Peter Rhodes on a slumbering premier, vaccine snobbery and the next health nightmare coming our way

Read the latest column from Peter Rhodes.

Napping on the job?
Napping on the job?

Phil Spector has died. A reader asks: “Is it true his brother Crispin was head of quality control at Walker's?”

First we were told Boris Johnson relaxes with “power naps,” then Downing Street contradicted the claim. If it's true, the PM is not the greatest advert for the practice. Have you looked at his eyes lately? Deep-sunk and rheumy, they look 20 years older than the rest of him.

Johnson said recently: “It's very, very plausible that eyesight can be a problem associated with coronavirus.” The more we learn about the after-effects of “long Covid,” the nastier it seems. The Prime Minister likes us to think he has made a full recovery. How long before a Downing Street insider lets slip that he's still struggling?

Paul Williams, a doctor and former Labour MP, says some patients have declined the Pfizer coronavirus vaccine, saying they would “wait for the English one.” It is, he says, “a lesson that nationalism has consequences.” Nationalism? Might it not be patriotism? Or plain old-fashioned snobbery which creeps into every aspect of our national life, including getting your jab, currently being offered in a variety of formulas, settings and background music? There are swank points to be scored. If you had the choice, wouldn't you prefer to have the true blue, home-grown Oxford/AstraZeneca vaccine in Lichfield Cathedral with the organist playing Vivaldi rather than a quick jab of the Belgian stuff at Bog Park sports centre to a CD of Slade's Greatest Hits?

Me? Moderna in The Lygon Arms with James Taylor. Excellent.

Talking of snobbery, my eye was caught by the police comment on an attempted burglary in Birmingham: “Fortunately, they were unsuccessful and left in a Ford Focus.”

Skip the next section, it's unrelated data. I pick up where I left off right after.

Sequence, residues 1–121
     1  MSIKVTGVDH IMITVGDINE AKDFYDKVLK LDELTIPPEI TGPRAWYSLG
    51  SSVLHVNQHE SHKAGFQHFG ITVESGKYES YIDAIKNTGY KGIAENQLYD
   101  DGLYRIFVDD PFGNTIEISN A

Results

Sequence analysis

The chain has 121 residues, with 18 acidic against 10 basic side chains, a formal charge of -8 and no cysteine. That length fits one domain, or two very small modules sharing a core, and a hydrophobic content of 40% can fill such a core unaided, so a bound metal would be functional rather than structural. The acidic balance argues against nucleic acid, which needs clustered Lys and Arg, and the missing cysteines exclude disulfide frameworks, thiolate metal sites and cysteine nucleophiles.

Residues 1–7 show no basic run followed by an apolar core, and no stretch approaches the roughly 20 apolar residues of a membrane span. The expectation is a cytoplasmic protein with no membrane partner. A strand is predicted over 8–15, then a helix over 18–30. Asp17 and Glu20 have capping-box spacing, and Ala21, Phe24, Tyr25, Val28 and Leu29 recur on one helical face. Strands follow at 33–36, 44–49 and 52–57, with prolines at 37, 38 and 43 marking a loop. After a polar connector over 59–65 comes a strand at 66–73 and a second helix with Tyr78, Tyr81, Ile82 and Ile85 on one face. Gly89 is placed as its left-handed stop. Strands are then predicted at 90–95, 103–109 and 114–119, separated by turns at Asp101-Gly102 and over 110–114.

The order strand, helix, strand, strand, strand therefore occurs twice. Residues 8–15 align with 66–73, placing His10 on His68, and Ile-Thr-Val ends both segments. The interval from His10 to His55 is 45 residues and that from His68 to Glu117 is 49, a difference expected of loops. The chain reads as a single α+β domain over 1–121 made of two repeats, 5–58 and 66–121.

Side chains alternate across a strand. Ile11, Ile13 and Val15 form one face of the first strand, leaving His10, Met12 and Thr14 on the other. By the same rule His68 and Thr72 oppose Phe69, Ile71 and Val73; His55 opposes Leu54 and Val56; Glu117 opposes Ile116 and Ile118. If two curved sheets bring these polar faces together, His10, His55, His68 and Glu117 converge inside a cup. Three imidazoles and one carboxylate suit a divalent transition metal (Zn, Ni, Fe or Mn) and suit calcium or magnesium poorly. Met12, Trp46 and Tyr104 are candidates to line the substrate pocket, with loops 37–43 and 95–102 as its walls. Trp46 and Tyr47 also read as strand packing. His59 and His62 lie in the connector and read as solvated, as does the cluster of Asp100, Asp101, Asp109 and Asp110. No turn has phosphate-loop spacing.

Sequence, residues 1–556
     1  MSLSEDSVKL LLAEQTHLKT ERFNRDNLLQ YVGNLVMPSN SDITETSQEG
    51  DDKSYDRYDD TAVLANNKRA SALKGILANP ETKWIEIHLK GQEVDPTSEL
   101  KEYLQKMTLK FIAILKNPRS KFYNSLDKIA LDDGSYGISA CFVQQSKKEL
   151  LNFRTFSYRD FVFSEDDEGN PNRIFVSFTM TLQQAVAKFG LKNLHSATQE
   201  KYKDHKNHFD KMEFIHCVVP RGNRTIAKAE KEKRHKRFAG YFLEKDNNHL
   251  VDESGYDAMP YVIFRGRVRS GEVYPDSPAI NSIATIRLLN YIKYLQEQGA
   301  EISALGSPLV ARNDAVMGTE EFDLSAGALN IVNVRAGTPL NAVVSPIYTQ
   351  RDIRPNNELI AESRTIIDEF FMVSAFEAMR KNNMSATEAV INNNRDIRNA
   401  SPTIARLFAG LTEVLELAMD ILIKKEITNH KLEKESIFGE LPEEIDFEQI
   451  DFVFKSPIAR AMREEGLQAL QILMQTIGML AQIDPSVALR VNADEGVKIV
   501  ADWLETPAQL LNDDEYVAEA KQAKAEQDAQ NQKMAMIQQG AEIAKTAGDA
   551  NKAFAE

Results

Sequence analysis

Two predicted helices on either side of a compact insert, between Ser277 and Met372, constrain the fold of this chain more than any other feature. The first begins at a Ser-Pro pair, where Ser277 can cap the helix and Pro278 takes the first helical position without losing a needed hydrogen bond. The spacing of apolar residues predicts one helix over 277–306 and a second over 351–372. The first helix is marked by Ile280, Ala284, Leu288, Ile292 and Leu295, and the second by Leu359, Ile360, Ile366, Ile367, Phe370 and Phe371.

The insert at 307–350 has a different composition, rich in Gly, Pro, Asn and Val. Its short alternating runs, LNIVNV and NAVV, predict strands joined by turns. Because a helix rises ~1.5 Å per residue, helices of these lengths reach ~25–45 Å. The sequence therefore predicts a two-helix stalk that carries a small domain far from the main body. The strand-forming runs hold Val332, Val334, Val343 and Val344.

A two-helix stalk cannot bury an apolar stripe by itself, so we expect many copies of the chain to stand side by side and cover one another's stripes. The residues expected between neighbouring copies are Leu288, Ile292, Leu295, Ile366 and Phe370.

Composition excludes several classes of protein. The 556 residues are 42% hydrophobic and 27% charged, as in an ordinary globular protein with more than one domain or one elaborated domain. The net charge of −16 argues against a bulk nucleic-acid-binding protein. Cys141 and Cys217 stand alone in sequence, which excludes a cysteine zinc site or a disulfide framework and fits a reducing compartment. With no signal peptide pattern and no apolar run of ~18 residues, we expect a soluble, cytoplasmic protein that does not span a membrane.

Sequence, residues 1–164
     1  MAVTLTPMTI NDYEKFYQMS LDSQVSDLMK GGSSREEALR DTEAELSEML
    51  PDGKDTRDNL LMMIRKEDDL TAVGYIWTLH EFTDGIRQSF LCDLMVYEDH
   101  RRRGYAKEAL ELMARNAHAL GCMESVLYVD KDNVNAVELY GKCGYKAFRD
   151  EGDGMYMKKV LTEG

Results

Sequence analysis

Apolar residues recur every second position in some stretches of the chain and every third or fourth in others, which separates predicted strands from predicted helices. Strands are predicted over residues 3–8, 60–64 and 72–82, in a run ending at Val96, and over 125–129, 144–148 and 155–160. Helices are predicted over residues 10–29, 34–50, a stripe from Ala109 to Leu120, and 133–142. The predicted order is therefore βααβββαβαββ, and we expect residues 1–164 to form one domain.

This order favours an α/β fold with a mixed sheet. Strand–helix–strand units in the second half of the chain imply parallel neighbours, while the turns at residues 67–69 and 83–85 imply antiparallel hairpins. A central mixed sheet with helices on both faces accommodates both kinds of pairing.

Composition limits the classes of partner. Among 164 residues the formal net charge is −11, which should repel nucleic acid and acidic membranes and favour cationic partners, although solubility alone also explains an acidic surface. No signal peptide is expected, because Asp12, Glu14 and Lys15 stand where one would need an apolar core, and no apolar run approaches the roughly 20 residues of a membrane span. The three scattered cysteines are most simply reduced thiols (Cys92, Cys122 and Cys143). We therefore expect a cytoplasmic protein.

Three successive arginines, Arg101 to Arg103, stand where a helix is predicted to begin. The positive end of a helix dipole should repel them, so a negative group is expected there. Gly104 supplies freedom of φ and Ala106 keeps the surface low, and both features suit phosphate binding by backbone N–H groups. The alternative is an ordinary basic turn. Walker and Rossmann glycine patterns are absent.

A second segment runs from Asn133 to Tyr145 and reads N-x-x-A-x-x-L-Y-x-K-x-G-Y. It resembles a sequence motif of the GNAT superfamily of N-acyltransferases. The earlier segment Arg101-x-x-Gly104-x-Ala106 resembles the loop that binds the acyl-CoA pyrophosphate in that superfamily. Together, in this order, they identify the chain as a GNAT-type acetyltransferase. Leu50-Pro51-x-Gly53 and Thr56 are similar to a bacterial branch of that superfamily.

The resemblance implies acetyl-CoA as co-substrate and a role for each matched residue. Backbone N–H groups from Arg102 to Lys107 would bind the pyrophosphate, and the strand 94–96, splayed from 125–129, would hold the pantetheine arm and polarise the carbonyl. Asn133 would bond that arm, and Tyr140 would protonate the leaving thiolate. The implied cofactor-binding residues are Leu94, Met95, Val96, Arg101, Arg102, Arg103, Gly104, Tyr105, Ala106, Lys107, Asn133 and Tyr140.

Pandemics may come and go but the decline in the effectiveness of antibiotics races on, claiming 1.5 million lives a year as so-called superbugs kill at will. A chemical company has just given Oxford University £100 million for research into antibiotic resistance. There was a time, just over a year ago, when we might have raised an eyebrow at so much corporate loot being pumped into academia. Since then we have discovered, to our surprise and pride, that Britain's pharmaceutical industry is a world-beating national treasure. Today, we don't grudge it a penny and if it also takes public money to create a new range of antibiotics, so be it. The university's vice-chancellor Louise Richardson says the Covid pandemic shows the "high cost of ignoring something that is likely to head our way.” Once bitten . . .

Shock, horror! The police have thousands of files on people who have been arrested but never charged with anything. This is appalling. The Home Secretary should resign.

Shock, horror! Remember those thousands of files kept by police on thousand of people who have been arrested but charged with nothing? Well, loads of them have been been accidentally destroyed in a computer glitch. This is appalling. The Home Secretary should resign.

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